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Tim Johnson: A Voice in the Process

The following is an op-ed from Sen. Tim Johnson (D-South Dakota).

Democratic leaders from around the country have initiated the most significant effort ever to empower and organize Native Americans in the electoral process. We will continue our pursuit of putting political power directly back into in the hands of this country�s Native peoples so their voices are loud in clear in the electoral process.

Along with my colleague and Chairman of the Senate Indian Affairs Committee, U.S. Senator Daniel Inouye (D-HI), I want to bring more Native Americans to the democratic process with the new Native Vote 2004 initiative.

My own reelection campaign in 2002 in South Dakota was a clear example of the power of voter participation. When you win an election by 524 votes, every vote counts and many groups can take credit. However -- I can say that without the efforts of Native Americans, I would not be here today.

Whether it was volunteers or organization, the tribes in my state came together, had their voices heard and made a difference in the election. People on reservations were invigorated by playing a strong role in the political process.

I�m not just grateful for this for my own reelection, I am grateful because of what the organizing efforts did for all of the nine South Dakota tribes. The efforts created a ripple effect that will benefit the whole community. For the first time, Indian sheriffs, school board members, county commissioners and state legislators are being elected to office in larger numbers -- not just to tribal governments, but throughout the state.

The 2002 election changed the face of politics in South Dakota forever. Everyone in South Dakota knows that tribes are a political force that cannot be ignored. It is past time for this to be recognized nationally.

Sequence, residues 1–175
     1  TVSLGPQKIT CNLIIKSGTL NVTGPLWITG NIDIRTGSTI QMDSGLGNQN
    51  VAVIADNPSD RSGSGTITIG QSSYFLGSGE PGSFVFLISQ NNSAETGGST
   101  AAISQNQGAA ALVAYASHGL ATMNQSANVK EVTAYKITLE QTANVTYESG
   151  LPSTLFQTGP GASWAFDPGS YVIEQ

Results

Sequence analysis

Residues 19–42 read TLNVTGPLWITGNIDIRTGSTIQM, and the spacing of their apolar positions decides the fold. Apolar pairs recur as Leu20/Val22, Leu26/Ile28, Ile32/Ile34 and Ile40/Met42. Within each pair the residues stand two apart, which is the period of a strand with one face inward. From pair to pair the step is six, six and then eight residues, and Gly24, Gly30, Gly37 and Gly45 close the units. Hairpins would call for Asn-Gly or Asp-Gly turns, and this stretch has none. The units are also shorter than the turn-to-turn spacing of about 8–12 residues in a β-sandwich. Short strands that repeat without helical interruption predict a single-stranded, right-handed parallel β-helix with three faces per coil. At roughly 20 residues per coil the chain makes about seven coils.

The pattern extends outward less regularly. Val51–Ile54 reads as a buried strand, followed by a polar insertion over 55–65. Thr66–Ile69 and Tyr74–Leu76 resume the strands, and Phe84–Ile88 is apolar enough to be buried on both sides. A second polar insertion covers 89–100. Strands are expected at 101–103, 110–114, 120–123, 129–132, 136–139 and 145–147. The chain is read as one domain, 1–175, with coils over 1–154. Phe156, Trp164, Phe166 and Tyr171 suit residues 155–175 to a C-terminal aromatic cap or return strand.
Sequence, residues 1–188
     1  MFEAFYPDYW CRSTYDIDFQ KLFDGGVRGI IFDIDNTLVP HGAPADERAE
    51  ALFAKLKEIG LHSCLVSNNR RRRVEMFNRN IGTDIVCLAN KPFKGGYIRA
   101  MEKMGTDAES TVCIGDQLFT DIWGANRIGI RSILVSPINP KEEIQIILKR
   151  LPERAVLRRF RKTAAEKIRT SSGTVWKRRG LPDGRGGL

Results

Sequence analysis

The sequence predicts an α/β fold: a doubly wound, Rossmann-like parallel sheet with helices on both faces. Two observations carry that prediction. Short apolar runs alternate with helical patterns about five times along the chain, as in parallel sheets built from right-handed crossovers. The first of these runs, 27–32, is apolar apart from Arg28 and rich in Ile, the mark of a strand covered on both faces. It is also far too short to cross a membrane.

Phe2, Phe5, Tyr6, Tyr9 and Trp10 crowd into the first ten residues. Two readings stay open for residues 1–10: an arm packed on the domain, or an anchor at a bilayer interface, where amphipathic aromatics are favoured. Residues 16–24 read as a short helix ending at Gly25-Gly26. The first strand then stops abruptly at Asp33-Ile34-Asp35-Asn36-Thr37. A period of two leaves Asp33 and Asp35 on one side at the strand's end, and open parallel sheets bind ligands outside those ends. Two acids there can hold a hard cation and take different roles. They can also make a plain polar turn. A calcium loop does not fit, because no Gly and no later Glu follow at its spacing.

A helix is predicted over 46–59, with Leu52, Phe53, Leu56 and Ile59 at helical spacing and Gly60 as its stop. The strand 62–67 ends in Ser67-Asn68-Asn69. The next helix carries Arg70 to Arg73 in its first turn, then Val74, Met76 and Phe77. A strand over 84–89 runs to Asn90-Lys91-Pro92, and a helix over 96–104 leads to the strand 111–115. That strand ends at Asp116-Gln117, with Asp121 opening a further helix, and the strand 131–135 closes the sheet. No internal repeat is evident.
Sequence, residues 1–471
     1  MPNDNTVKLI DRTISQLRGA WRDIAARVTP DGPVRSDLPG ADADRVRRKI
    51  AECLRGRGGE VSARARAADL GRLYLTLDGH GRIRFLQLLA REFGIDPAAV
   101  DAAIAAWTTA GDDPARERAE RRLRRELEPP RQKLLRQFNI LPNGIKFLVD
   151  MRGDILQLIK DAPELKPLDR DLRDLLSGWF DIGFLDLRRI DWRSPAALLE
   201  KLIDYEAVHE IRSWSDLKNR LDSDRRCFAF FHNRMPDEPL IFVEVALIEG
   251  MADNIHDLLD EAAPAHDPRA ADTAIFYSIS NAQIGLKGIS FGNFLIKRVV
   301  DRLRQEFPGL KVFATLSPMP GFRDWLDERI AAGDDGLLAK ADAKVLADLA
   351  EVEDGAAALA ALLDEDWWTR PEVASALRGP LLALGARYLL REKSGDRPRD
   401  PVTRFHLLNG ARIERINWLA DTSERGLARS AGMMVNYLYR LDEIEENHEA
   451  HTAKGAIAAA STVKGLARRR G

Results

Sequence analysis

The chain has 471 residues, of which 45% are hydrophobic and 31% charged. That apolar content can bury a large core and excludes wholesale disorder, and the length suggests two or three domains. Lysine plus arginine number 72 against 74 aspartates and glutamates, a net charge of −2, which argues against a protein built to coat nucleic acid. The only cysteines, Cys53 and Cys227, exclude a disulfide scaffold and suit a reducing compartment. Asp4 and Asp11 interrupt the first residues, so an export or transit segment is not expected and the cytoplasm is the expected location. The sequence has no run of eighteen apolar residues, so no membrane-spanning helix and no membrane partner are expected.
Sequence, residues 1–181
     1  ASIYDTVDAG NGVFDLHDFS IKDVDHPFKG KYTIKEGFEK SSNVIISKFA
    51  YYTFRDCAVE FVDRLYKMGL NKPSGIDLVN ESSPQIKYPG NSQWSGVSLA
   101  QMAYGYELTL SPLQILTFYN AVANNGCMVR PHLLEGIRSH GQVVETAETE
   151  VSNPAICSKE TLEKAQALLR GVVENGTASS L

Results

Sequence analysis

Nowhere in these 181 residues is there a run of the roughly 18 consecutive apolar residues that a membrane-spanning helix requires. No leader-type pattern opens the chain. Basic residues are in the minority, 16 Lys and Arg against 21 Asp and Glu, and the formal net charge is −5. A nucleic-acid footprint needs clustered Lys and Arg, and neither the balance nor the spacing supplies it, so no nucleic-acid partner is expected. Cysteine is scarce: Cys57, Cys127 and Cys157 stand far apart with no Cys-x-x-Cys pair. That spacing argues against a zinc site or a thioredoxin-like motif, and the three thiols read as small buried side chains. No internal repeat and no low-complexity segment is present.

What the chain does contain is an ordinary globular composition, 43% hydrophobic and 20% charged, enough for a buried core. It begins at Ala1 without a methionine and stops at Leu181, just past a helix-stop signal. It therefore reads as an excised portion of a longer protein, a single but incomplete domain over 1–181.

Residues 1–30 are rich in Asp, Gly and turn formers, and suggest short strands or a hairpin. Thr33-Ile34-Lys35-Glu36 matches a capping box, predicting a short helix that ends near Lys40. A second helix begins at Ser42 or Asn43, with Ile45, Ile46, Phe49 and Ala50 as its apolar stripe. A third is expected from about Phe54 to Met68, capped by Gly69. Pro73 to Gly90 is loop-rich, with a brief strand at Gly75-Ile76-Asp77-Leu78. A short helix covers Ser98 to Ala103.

We must remain diligent in engaging the Native American community though many on the Republican side may seek to suppress the Native vote � including slinging false charges of voter fraud. False attacks seek only to reverse the progress that has been made.

My Democratic colleagues and I have made a commitment to Native Americans and tribal leaders that we will continue working to uphold tribal sovereignty and promote the interests of Indian communities when it comes to funding tribal programs in health care, roads, education, housing and resource protections, to name a few.

Like my race in 2002, U.S. Senator Patty Murray (D-WA), U.S. Representative Brad Carson (D-OK) and former Alaska Governor Tony Knowles (D-AK) are running for the Senate in states with significant Native American populations. All have committed to participate in efforts to reach out to, organize, empower and turnout Native American voters. In South Dakota, my colleague and friend Senator Tom Daschle is running for reelection. He has made a strong commitment to working with Native Americans to ensure their voice is heard in the electoral process.

We will stand up against attacks on our successful grassroots efforts. We must not allow the divisive comments of some Republicans to exclude any American from the political process. In getting to the polls, Native Americans continue to empower themselves and ensure a strong voice for their community in our nation's affairs.

Relevant Links:
Sen. Tim Johnson -
Democratic Senatorial Campaign Committee -